He also has to deal with the fact that his father not only becomes a raging asshole bent on his son's destruction the instant he becomes personally inconvenienced by whatever it is that Michael might do to him no matter how trivial the 'damage' might be, he can't bring himself to respect the career that he drifted into because it isn't "practical", as evidenced by this smarmy defense of being an unreflective clod afraid of asking the question "What do you believe, John Patterson and why do you believe it?":
Apparently Mike is getting close to finishing his novel. I always hated writing essays, and this project of his seems like one giant essay to me, so I can't imagine how he could either want to do it, or more importantly enjoy the writing!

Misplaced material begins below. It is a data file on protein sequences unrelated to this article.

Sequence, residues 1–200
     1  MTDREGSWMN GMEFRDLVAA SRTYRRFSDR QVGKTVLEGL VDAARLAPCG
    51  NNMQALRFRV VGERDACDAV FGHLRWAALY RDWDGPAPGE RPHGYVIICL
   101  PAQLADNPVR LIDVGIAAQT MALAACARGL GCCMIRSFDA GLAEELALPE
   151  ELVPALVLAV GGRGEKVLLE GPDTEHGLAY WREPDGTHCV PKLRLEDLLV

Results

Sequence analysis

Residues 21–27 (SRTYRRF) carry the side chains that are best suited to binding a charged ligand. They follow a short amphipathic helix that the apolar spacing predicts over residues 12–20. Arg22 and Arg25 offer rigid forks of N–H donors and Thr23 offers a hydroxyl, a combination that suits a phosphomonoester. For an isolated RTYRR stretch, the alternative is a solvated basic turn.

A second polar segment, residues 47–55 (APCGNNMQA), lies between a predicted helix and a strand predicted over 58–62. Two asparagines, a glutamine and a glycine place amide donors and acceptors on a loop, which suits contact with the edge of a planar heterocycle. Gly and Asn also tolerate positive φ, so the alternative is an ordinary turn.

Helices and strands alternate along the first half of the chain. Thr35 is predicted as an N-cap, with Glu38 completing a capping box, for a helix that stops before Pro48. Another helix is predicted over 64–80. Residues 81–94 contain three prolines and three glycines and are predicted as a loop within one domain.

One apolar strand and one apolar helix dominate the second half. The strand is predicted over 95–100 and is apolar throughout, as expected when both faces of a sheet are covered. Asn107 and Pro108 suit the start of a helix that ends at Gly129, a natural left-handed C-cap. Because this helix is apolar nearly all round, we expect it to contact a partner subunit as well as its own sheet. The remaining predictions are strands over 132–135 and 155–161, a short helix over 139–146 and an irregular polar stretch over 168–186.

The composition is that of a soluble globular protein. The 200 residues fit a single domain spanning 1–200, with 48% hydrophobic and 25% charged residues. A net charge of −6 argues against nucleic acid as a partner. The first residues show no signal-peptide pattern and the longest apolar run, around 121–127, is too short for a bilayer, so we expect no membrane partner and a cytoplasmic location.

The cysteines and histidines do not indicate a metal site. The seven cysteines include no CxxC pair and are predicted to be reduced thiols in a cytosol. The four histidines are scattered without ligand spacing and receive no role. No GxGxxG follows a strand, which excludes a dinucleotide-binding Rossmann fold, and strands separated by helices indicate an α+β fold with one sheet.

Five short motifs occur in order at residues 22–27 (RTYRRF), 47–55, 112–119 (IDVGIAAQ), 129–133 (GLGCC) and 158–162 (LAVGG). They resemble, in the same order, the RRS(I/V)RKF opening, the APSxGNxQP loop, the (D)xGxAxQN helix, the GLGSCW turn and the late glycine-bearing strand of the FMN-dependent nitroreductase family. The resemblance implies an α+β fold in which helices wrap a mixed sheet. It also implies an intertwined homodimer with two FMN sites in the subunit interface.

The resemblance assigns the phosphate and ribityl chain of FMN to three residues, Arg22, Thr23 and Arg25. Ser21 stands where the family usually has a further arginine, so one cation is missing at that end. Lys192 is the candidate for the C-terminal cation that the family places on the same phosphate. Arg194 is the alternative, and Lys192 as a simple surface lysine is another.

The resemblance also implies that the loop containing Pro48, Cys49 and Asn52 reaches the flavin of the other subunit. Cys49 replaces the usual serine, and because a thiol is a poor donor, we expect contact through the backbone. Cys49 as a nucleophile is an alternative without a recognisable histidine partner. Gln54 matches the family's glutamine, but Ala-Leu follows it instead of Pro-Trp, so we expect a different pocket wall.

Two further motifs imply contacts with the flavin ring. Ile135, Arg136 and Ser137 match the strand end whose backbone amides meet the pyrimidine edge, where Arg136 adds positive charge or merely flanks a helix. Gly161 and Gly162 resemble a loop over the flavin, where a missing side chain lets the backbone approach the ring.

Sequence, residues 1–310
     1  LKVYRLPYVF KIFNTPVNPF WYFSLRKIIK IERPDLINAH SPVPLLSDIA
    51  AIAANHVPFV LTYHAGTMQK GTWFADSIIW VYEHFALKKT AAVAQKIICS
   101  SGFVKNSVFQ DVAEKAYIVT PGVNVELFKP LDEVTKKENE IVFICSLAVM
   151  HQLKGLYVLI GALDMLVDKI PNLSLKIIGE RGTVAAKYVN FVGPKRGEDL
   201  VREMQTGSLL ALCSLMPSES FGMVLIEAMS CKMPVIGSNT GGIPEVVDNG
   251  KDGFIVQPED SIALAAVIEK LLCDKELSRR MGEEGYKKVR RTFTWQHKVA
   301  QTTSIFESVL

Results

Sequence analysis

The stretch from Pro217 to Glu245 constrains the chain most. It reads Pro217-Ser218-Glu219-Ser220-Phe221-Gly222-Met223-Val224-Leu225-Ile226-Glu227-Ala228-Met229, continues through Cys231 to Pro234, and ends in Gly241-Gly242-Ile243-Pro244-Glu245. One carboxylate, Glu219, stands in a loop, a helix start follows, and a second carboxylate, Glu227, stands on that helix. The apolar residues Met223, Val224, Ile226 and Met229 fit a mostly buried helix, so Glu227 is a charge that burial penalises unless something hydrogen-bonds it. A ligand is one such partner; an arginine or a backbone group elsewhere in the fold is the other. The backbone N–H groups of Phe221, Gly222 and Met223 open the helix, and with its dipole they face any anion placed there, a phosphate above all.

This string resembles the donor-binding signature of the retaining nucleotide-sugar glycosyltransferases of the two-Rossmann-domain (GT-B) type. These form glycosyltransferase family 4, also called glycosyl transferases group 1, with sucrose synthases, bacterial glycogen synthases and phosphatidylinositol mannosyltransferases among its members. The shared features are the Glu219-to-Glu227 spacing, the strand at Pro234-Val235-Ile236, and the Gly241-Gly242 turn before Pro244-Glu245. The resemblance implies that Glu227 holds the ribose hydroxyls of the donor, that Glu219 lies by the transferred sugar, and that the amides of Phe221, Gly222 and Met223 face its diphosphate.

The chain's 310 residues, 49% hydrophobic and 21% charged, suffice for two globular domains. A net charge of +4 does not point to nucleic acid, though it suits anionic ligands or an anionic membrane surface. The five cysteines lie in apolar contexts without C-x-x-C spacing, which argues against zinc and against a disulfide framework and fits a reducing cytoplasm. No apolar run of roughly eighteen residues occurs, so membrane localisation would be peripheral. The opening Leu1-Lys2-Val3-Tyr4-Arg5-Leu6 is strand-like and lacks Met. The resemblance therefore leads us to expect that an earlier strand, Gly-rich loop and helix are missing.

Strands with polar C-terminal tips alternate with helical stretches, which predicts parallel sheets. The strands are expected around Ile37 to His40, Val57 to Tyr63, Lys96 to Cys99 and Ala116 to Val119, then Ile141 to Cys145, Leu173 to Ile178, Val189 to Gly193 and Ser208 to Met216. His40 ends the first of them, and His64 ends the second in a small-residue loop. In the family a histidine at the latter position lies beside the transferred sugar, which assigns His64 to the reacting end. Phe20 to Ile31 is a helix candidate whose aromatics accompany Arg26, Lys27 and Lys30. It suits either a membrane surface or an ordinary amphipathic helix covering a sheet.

As I've said before, writing essays exposes John to the terrifying question "Why?" and the terrifying answer "Because I, John Patterson, am a total f*cking greaseball: and is therefore terrible; this means that Mike's doing so is unworthy because sooner or later, John himself will be faithfully depicted in his books in all his sordid worthlessness.
The end result of the two boomer assholes subjecting Mike to an evil experiment is to create someone so downtrodden and confused that he doesn't even realize how miserable he is. The smug smile on Mike's face comes from the fact that he doesn't quite get that he's been cheated out of being loved for who he was supposed to have been by a moronic monster mom who thinks that a child is supposed to be a doll she can put away when she gets bored.